Pundits in the industry confides that there has been palpable difference in the way Indian owners understood and executed management contracts five years ago and now. One obvious reason they give is the number of referrals available to owners to help them make informed decisions. Owners talk to each other now and learn from each other’s experiences. There are more referrals in the market than in the early years when management contract was an altogether new concept to them. Another major contributor is sheer choice of companies and brands available to them to choose from. India over the years have matured into a playground of international and home-grown brands.

“I think the biggest change over the past 20 years has been the whole new plethora of brands that have entered the country. Competition is always good for the consumer and in this case the consumer is the hotel owner,” states Manav Thadani, Chairman, HVS-Asia Pacific. Thadani also doesn’t hesitate to take the credit, especially the role HICSA as a platform played in the whole industry evolution and churning. “I do believe events like HICSA have allowed owners to get together and share a lot more information amongst them. We have over the past 14 conferences, held a session on management contract every year and it remains the most popular session amongst owners. My personal wish one day would be to negotiate a contract live on stage till a LOI stage, he said.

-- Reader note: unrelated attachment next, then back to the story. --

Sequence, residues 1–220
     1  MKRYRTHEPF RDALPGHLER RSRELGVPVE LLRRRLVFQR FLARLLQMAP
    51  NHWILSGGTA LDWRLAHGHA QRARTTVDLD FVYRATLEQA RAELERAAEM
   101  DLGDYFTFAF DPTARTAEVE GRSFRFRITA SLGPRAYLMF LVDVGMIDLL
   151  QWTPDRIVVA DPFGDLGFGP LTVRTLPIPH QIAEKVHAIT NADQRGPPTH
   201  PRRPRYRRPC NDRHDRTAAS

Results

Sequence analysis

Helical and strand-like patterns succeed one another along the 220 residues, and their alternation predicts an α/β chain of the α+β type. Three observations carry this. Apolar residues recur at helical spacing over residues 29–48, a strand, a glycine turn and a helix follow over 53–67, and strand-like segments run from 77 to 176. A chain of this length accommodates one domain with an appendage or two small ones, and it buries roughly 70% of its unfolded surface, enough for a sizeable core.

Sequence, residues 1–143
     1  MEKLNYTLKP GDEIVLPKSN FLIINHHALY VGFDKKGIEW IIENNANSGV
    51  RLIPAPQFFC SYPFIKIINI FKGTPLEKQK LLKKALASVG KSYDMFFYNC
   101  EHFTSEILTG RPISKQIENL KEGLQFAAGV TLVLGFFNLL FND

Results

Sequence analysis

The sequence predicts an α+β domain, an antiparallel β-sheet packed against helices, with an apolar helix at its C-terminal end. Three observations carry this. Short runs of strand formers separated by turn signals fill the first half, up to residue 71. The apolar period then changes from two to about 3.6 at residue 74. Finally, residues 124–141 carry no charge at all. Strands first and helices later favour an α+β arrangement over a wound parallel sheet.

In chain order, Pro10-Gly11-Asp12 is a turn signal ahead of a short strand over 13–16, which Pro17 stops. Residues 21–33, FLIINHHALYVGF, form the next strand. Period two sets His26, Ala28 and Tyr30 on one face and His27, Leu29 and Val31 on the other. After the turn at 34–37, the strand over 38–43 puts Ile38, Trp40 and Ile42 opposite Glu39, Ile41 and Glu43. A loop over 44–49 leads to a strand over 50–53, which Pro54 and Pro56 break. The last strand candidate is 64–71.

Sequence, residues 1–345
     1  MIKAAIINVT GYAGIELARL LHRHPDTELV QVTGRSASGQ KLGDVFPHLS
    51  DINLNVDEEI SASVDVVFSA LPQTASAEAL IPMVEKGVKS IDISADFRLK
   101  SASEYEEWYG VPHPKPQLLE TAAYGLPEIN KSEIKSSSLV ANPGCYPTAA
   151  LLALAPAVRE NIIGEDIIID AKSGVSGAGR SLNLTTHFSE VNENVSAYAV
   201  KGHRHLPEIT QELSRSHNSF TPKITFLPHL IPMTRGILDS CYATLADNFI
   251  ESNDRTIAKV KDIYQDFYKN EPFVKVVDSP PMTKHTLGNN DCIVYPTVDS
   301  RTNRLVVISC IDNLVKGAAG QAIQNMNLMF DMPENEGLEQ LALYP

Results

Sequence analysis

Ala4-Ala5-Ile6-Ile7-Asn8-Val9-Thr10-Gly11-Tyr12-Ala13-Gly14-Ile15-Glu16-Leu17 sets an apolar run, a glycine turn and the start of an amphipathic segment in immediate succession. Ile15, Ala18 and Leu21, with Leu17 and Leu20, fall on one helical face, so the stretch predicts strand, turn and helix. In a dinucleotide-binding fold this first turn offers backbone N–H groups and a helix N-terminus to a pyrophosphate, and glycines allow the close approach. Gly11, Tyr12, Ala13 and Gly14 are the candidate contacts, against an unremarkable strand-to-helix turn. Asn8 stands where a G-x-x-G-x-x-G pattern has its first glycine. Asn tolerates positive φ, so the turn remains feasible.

The change in equations was not sudden but gradual in the journey of the industry in India. In the course of this journey, both macro and micro environments have changed, says Beni Agrawal, Business Consultant, GK Hospitality Services. “On the macro side - almost every international hotel operator is now present in India giving wider choice to Indian hotel asset owners. On top of that, there has been steady rise in domestic hotel operators offering all kinds of flexibilities and creativities. Today, there is a brand and a hotel operator available for any hotel ranging from 30 to 300 rooms located in tier I to selective tier IV cities. And on the micro side, while repeat-owners have learned from their own past experiences of contracting, the new age owners are better equipped with means to dig the information and create comparatives for better decision making. Technology has also played pivotal role in enhancing the research capabilities of hotel owners resulting in better decision making.”